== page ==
Effective reward management calls for effective and strategic management to ensure that the programs not only succeed but also offer a good platform for other companies to emulate. In controlling the rewards, the organization benefits a lot from such an initiative. The befits that come along as a result of reward control include an offer of the best opportunity for strategic planning, ensures continuity of the reward system, it is effective in the process of the reward scheme evaluation.

Monitoring and evaluating reward theories

The process of monitoring and evaluating reward theories demands good management practices from line managers. In Intercontinental Hotel UK, this process is ideally inclusive of the major parties to the problem and will involve holding a brainstorming session where the possible solutions to the problem are all presented and analyzed. Armstrong (2007) and Storey, (2007) advised against passing judgment on the possible solutions as presented at the earliest stage of evaluating rewards so as to provide chance for possible solutions and errors that could be omitted. The selection of the reward within Intercontinental Hotel UK considers the best alternative to resolving the problem is the next stage and is essentially where the possible solutions advanced are analyzed and dissected in detail. In the selection of the best alternative, the line managers within Intercontinental Hotel UK take into consideration the approach that is likely to resolve the problem in the long run, the most realistic solutions, the resources available, time, and the risks associated with each alternative (McNamara, 2008).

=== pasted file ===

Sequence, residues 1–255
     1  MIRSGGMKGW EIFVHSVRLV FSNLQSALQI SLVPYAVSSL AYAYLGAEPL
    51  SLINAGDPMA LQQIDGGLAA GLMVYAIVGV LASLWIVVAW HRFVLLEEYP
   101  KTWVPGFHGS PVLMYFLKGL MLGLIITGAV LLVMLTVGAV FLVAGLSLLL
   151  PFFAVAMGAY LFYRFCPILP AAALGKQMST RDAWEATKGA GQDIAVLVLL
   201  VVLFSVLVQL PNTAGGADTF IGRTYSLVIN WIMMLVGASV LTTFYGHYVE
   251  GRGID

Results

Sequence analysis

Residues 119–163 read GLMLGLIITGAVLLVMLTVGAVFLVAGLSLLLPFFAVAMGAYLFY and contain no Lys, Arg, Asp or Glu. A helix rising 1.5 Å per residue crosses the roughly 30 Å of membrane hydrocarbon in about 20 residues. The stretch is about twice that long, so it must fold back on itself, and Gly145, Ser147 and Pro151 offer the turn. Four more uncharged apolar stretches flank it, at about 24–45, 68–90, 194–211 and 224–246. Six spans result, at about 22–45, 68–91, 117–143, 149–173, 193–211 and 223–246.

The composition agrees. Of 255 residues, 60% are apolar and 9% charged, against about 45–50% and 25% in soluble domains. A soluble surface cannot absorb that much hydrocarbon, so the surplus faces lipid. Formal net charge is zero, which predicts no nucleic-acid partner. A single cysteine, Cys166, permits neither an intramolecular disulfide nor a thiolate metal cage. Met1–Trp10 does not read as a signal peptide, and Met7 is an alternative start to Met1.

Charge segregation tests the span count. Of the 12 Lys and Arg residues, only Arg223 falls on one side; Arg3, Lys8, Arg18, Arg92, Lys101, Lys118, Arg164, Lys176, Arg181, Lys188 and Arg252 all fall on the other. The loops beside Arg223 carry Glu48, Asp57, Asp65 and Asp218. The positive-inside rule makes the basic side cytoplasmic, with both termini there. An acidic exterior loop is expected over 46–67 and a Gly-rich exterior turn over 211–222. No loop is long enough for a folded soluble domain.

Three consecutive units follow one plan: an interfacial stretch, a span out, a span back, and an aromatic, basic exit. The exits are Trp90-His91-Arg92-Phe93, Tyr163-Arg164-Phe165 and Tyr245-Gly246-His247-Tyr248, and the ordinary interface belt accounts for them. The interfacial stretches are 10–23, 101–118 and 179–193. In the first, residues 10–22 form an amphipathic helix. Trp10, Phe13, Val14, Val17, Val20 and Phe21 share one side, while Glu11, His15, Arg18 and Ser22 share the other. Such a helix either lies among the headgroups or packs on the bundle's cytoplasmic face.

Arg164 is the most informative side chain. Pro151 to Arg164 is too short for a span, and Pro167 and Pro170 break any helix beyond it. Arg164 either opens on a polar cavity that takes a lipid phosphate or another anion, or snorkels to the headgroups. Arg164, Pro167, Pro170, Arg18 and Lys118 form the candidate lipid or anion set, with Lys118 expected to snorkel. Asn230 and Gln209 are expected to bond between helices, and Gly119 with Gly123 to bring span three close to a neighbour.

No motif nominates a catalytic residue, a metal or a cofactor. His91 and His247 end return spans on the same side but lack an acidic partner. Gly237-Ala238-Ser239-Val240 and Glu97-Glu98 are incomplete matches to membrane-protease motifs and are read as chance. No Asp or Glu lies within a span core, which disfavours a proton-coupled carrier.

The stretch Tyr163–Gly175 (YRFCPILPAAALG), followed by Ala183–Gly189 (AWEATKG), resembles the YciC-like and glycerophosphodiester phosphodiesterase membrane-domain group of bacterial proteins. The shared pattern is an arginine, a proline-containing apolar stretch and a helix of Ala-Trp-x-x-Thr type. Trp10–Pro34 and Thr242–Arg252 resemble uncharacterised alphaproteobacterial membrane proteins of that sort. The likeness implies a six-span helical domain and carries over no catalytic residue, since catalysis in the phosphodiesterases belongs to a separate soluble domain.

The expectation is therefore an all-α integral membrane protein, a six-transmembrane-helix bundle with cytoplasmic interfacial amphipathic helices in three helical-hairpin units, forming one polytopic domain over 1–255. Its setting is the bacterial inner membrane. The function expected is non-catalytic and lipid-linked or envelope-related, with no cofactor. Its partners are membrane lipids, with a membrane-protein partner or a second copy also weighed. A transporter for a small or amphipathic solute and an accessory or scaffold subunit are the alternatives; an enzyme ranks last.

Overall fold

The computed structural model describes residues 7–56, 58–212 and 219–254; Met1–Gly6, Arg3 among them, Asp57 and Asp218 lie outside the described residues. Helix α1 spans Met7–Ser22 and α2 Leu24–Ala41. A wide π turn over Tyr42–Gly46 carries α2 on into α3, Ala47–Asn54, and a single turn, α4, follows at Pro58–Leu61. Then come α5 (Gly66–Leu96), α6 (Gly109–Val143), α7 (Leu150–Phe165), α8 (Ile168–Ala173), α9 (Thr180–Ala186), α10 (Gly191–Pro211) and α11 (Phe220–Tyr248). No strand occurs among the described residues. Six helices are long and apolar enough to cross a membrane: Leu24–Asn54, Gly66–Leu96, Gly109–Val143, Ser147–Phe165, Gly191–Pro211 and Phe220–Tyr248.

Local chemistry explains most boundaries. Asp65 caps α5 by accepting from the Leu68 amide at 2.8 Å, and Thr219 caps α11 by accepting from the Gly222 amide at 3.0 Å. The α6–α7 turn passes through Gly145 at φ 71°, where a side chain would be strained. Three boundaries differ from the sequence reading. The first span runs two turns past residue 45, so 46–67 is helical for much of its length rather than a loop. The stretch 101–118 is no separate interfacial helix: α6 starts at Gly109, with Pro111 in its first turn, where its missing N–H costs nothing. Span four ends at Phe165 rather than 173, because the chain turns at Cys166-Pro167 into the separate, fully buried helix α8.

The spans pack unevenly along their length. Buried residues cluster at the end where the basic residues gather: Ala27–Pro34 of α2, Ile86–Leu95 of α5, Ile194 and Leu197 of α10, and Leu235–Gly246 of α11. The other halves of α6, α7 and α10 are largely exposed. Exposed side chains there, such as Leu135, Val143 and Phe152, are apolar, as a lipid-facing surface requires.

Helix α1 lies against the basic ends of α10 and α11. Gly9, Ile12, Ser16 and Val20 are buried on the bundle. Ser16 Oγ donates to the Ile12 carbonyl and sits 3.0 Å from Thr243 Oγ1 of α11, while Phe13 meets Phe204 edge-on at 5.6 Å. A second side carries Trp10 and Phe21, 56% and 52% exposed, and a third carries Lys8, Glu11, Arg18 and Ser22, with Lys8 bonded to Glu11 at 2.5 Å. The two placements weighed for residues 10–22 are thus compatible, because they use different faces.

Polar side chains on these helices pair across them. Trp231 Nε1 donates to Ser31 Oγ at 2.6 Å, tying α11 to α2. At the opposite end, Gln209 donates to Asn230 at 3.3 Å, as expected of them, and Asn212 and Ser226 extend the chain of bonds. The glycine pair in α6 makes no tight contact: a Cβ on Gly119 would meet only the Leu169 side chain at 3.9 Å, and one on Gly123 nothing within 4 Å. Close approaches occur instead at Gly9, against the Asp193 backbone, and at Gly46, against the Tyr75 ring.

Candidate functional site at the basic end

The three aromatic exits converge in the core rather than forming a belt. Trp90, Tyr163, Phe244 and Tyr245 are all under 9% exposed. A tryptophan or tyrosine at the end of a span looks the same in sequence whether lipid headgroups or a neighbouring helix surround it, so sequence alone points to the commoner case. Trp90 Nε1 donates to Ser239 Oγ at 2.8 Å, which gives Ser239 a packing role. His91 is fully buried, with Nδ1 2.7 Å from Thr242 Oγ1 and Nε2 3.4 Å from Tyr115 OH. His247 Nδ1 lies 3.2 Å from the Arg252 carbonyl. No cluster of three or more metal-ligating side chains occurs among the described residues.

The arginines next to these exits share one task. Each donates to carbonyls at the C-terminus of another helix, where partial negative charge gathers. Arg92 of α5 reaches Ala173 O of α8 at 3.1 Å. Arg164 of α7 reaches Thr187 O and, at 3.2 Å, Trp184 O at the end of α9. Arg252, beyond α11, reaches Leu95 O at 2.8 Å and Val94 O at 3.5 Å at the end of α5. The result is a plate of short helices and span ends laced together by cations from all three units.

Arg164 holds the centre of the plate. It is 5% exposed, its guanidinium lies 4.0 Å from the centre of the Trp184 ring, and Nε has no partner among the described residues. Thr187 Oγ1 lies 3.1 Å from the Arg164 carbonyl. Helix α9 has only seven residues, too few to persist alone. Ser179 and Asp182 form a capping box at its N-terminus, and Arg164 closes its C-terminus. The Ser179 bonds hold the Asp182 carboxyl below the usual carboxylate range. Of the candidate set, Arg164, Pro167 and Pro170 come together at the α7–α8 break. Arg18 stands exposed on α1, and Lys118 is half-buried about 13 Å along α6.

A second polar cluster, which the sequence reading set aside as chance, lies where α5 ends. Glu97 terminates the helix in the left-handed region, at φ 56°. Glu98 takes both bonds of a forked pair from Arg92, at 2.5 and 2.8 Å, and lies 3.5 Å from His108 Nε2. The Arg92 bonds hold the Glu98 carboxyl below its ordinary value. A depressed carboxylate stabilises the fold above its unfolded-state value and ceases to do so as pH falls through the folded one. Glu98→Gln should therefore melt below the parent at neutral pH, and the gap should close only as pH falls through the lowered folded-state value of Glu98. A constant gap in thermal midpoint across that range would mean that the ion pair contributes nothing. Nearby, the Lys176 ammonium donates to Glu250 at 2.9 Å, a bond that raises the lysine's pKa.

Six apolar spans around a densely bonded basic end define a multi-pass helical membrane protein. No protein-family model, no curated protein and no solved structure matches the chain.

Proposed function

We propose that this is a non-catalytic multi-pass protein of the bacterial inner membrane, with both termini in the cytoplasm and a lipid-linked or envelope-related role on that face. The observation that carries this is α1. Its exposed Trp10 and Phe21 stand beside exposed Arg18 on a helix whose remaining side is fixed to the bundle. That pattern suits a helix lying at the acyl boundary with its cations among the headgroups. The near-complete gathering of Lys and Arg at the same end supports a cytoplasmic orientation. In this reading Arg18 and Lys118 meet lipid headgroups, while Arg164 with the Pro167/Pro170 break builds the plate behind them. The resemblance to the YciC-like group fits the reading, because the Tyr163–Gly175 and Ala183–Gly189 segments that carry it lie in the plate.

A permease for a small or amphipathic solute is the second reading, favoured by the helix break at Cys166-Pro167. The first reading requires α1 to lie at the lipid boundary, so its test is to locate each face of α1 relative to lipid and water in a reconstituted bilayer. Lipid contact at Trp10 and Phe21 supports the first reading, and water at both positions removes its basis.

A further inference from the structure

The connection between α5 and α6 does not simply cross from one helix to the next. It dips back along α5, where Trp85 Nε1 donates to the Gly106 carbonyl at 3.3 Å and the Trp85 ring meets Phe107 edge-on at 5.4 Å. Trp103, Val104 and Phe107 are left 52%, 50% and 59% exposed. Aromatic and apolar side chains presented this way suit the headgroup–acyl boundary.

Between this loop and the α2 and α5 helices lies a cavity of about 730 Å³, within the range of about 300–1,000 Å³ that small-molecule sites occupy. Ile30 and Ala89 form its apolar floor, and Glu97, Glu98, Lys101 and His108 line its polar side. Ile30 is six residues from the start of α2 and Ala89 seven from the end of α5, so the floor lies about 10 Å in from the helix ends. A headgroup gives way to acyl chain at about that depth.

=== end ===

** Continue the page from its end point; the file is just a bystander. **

Initiating a reward program in most organizations has been easy but managing and developing the rewards comes along with many challenges. This is because reward systems must be well developed and enhanced to reduce employee conflict. This involves assessing how the situation will be once the reward has been initiated and looking for possible weaknesses within the reward scheme. This process is well handled within the Intercontinental Hotel UK by a pool of highly trained line managers. Essentially, this will entail careful consideration of the best way to implement the new reward policies and procedures, what resources are desirable in terms of people, facilities and finances, time, who will drive the process, and the person who will be responsible for the success of the plan. During the recession, an organization should adopt a reward strategy that maximizes motivation among the employee and at the same time minimize on the overall cost. These strategies may include non-monetary reward efforts.


Armstrong, M., 2002. Employee reward. CIPD Publishing.

Armstrong, M., 2007, Simplified risk assessment. Engineering management journal, 1: 19–24.

Brown, D. and Armstrong, M., 2006, Strategic reward: making it happen. Kogan Page Series. Kogan Page Publishers.

Dennis, L. ,2007, Project Management. 9th edition. London: Cooper & Lybrand.

Harrison, R., 2009, Learning & Development – 5th edition, London: CIPD.

Jiang, J. J. and Gary K., 2001, Software Project Risks and Development Focus. Project Management Journal, 32, 1: 4–9.

Kerzner, H., 2006, Project Management: A systems approach to planning, scheduling, and controlling. 9th edition. New York: John Willey & Sons.

McNamara, C., 2008, Basic guidelines to problem solving and decision. Web.

Naila, P., 2009, Principles of managerial finance, 11th Ed. New York: Addison Wesley Publishers.

Price, A., 2007, Human Resource Management in a Business Context. Cengage Learning EMEA.

Storey, J., 2007, Human Resource Management: A Critical Text. Cengage Learning EMEA.